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- Mutual respect
- Quinnipiac women’s basketball tops Miami to advance in NCAA Tournament
- Conor’s Column: Do the Bobcats have to live by the three?
- Chronicle Sports Staff makes 2018 March Madness picks
- Quinnipiac men’s ice hockey’s season ends at Cornell
- Quinnipiac men’s lacrosse cruises past Wagner, 11-3
- Feldman joins the century club
- Cait’s Column: No. 9 Quinnipiac men’s ice hockey trounced by No. 1 Cornell
- Dancing again
Facilities throws SGA efforts to the curbside
Recycling is an issue, which many people know about, but relatively few people care about. The administrators of this University have tried to do the right thing and inform students about the importance of this matter, but what they do not realize is that recycling is a way of life and not just words on paper.
“There are students who care about the issue of recycling and these students will be vocal about it and make it happen, but those students are not really found at Quinnipiac,” Dennis Kisyk, vice president of student concerns said. “The average Quinnipiac student knows that recycling is important, but there is little done about it.”
Even though the administrators of this University have tried to inform students about the importance of this matter, they refuse to accept the fact that recycling is a way of life and not words on a pamphlet.
Kisyk and members of the SGA spoke about recycling at the annual Student Awareness Committee’s (SAC) retreat. Kisyk said although recycling was third on the list of concerns, it was still one that students raised in regards to campus life and it was something SAC would work on throughout the year.
“During our talks, we came up with the idea of getting a recycling machine on campus,” Kisyk said. “We thought it would be a good idea because students would be able to swipe their Q-card and get their deposit back.”
Kisyk said this was a big project and the Facilities department needed to help them if it was going to become a reality. After many meetings with Facilities, the idea was rejected because barriers stood in the way of its execution.
“Facilities stated that there were too many problems with the idea,” Kisyk said. “We needed to figure out who would be maintaining the machines, where we would get the money for them and other logistics that would make it possible.”
Facilities raised another issue of placement of the machine. They said that it would have to be centrally located for student accessibility.
“There really was no place where a machine like this could be placed,” Kisyk said. “We could not place them on the quad because it would look gross and there really is no other central location for students on campus.”
During the talks with Facilities, it was stated that one of the main reasons they did not want the machine on campus was the fact Facilities claimed Waste Management gets money from the cans that Quinnipiac recycles.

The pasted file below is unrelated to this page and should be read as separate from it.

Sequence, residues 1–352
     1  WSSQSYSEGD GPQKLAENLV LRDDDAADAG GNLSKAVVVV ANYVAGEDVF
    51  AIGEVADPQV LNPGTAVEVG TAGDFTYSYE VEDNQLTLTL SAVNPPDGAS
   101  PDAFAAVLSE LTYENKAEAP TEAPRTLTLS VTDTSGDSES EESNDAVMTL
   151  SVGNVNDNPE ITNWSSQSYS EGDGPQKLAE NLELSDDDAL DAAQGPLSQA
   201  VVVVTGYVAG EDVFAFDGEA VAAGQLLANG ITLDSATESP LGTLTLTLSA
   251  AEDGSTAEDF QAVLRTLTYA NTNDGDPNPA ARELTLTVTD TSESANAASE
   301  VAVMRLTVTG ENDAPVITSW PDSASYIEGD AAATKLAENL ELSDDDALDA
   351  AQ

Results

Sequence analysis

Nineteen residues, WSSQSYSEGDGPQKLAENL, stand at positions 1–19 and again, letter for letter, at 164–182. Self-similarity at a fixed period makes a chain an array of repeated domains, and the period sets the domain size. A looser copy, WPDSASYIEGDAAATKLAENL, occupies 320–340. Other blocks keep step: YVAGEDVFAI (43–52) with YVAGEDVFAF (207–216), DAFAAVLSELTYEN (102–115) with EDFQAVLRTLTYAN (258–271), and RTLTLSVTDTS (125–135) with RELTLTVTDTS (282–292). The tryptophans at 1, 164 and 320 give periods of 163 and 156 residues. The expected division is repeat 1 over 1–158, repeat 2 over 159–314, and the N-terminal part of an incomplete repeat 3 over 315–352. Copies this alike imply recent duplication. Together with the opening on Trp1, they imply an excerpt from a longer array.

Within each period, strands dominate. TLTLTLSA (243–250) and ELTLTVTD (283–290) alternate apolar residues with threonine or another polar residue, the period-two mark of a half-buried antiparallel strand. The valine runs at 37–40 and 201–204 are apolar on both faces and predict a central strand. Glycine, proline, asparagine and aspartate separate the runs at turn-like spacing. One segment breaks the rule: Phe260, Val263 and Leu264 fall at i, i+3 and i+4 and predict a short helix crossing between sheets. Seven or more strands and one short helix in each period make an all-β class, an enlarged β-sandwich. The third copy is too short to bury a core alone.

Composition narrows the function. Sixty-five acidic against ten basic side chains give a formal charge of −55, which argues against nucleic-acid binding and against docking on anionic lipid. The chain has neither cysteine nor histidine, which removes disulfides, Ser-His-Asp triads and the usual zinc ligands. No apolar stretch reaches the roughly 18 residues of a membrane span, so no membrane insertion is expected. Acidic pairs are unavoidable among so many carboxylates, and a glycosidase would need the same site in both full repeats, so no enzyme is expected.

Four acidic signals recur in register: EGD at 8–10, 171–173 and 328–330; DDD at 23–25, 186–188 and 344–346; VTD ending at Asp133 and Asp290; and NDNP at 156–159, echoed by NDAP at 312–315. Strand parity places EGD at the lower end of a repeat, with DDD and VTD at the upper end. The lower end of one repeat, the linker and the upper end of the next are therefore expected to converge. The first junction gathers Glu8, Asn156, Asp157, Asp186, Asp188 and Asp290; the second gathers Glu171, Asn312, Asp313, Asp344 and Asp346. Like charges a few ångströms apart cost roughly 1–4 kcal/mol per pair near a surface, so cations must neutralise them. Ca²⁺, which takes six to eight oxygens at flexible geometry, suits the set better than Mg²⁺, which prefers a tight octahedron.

However, Bob Patterson, account representative at Recycle America, a subsidiary of Waste Management, Inc., told The Chronicle they do not receive any money from the cans and the only way the University or students can get their deposit back is if they go through a recycling machine just like the one SAC wanted to bring to the University.
“After discussing all of the logistics, the issue was basically dropped by SAC, but was taken up by the junior class,” said Kisyk.
Michael Radparvar, junior class representative, said his class wanted to tackle the recycling issue because they believed the recycling program needed to go through serious changes before becoming acceptable.
“Recycling is an issue that has not received enough attention,” he said. “Our University, like any other of similar size, produces a serious amount of waste. Therefore, we must take greater responsibility for managing the waste we produce.”
The junior class cabinet has worked on specific methods to better manage library paper waste and disposal of cans and bottles in the residence halls,” he added.
Radparvar also noted the junior class has worked in conjunction with Teaching and Reaching for Environmental Education (T.R.E.E.) and the Public Health Committee to develop solution for the recycling issue at the University.
“We plan to continue these cooperative efforts into next year,” he said.
Kisyk said as president of the SGA for the 2004-2005 academic year, he will also work on recycling if the students deem it a concern.
“In my mind, this is something that needs to get accomplished,” he said. “It is something that needs to be worked on, but I am not sure if it is a major concern of students on this campus.Next year, I plan on taking up this issue, but only if the students want us to. If they are concerned about it, then we will provide them with options.”
Kisyk said he believes the University should realize that as college students we are already educated about the issues and concerns that center around the matter of recycling. He stated that he believes the students need reasons to recycle.
“Think about it -there are laws in place to make people recycle and that is why people do it when they are one their own,” Kisyk said. “But, it is hard to recycle. This university needs to realize that the average student will not do it without an incentive.”